The Station is in the church of Sts. Peter and Marcellinus, two celebrated martyrs of Rome under the persecution of Diocletian. Their relics were brought to the church in 1256, and the church was restored the same year on order from Pope Alexander IV.
The Station at Sts. Marcellinus and Peter is in the basilica founded by St. Helen on the Via Lavicana, where were buried the bodies of St. Marcellinus, priest, and St. Peter, exorcist, martyred at Rome during the Diocletian persecution. Their names are mentioned in the Canon of the Mass. This church was one of the twenty-five Roman parish churches in the fifth century.
The favors which Isaac had received from Abraham, he transmitted by his blessing to Jacob, chosen by God in preference to Esau, to become the ancestor of Christ. This week, we read about Jacob in the Breviary.
“The prodigal son,” says St. Ambrose “lost grace. Learn from this, O thou, who possessest the likeness of God, not to destroy this image within thee by the ugliness of sin” (Matins)
The first church on the site was built by Pope Siricius in the 4th century, close to the Via Labicana catacombs of Marcellinus and Peter, with an adjoining hospice which became a centre for pilgrims. This church was restored by Pope Gregory III in the 8th century.
The church was again restored in 1256, and the martyrs’ relics moved into it, by Pope Alexander IV. (Also under the high altar at present is an urn containing relics of Saint Marcia.) On the left side is an altar dedicated to the Blessed Virgin, with a copy of Guido Reni’s The Virgin in Glory with Angels, St Joseph and St Rita. Next to it is the Chapel of Reconciliation. An image of the dedicatees was placed on the first column on the left from the entrance during this restoration, with an inscription recording the restoration. The hospice and church were then given in 1276 to the Confraternity of those Commended to the Saviour.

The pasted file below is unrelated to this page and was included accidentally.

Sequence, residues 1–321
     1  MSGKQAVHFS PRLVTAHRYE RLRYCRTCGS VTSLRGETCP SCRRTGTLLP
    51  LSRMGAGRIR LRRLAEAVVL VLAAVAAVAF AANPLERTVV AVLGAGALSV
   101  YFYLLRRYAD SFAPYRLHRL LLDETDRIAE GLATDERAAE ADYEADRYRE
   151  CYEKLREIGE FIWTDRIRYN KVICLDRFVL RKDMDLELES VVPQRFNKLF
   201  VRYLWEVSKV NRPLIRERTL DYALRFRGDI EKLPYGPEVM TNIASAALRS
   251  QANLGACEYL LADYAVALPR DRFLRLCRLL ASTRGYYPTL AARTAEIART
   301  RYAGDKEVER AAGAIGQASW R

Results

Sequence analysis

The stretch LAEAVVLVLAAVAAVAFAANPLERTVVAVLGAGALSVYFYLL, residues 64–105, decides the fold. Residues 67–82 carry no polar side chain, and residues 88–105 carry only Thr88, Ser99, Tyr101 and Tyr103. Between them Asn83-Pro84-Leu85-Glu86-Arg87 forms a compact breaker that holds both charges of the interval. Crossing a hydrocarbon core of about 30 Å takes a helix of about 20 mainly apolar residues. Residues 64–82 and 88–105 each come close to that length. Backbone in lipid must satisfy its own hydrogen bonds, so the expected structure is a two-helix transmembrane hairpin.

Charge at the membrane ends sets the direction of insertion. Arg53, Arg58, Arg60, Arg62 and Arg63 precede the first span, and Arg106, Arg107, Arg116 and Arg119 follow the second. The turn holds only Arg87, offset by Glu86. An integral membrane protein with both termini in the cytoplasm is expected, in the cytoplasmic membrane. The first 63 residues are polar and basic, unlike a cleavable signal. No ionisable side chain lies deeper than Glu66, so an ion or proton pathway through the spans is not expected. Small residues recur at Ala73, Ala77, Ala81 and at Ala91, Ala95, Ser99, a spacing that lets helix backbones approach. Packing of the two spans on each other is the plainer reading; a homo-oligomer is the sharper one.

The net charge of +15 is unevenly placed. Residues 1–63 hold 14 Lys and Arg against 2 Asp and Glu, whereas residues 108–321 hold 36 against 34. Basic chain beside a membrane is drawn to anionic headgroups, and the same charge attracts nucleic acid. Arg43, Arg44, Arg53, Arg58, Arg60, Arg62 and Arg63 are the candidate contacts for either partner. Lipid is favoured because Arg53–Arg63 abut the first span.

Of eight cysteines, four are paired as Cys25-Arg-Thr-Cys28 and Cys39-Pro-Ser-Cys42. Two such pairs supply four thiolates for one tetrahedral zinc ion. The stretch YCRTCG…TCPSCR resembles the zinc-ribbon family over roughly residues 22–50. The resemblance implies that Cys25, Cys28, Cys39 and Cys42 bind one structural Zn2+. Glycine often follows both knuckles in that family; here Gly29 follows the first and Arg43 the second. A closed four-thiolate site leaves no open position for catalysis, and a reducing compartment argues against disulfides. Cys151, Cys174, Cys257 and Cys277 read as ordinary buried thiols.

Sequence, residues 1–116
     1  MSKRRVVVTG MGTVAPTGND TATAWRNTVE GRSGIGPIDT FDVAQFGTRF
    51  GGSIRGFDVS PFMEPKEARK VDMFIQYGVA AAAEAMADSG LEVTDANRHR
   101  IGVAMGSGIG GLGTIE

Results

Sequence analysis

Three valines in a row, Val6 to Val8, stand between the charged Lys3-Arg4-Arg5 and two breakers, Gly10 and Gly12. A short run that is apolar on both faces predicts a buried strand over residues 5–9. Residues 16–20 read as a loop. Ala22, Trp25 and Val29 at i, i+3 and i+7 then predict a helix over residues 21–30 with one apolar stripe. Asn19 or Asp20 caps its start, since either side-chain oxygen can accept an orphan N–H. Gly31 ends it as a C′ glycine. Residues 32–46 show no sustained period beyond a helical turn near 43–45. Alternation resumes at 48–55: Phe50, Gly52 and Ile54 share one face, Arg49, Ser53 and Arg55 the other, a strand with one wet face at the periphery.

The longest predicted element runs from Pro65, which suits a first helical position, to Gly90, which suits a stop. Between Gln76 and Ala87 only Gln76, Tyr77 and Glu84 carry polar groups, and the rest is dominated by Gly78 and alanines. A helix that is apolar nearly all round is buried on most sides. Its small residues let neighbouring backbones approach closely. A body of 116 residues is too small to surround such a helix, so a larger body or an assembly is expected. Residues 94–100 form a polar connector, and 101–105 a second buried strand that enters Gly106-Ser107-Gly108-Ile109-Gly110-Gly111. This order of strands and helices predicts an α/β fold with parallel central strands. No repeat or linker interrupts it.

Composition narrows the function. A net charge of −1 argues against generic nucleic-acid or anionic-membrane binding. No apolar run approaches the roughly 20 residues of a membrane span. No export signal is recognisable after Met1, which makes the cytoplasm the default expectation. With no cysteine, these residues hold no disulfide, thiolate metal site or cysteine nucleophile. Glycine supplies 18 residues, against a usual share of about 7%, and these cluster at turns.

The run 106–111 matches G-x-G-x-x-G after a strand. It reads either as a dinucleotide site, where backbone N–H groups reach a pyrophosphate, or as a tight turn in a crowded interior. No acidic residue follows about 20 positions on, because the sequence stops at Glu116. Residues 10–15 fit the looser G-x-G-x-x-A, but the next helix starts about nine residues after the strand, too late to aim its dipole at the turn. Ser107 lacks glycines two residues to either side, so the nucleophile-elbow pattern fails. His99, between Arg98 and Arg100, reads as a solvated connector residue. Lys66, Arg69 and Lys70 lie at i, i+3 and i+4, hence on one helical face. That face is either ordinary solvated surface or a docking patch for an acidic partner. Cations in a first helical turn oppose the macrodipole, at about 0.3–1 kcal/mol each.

The present church is the result of Pope Benedict XIV’s 1751 rebuild, leaving it with its present cube-shaped exterior, divided by pilaster strips in a style close to Neo-Classicism, Borromini-influenced dome, façade by Girolamo Theodoli, and altarpiece by Gaetano Lapis depicting the dedicatees’ martyrdom. After that restoration the church was given to the Discalced Carmelites, who served it until 1906. A small chapel to Our Lady of Lourdes was dedicated at the south east (next to a chapel of St Gregory the Great), with a new ceiling painting of her by N. Caselli, in 1903. Since 1911, it has been a parochial church served by diocesan clergy.
The church has a Greek cross plan.
Lord, keep Thy household with constant loving kindness, so that they who rely solely upon th hope of Thy heavenly grace may be defended evermore by Thy protection: through Our Lord…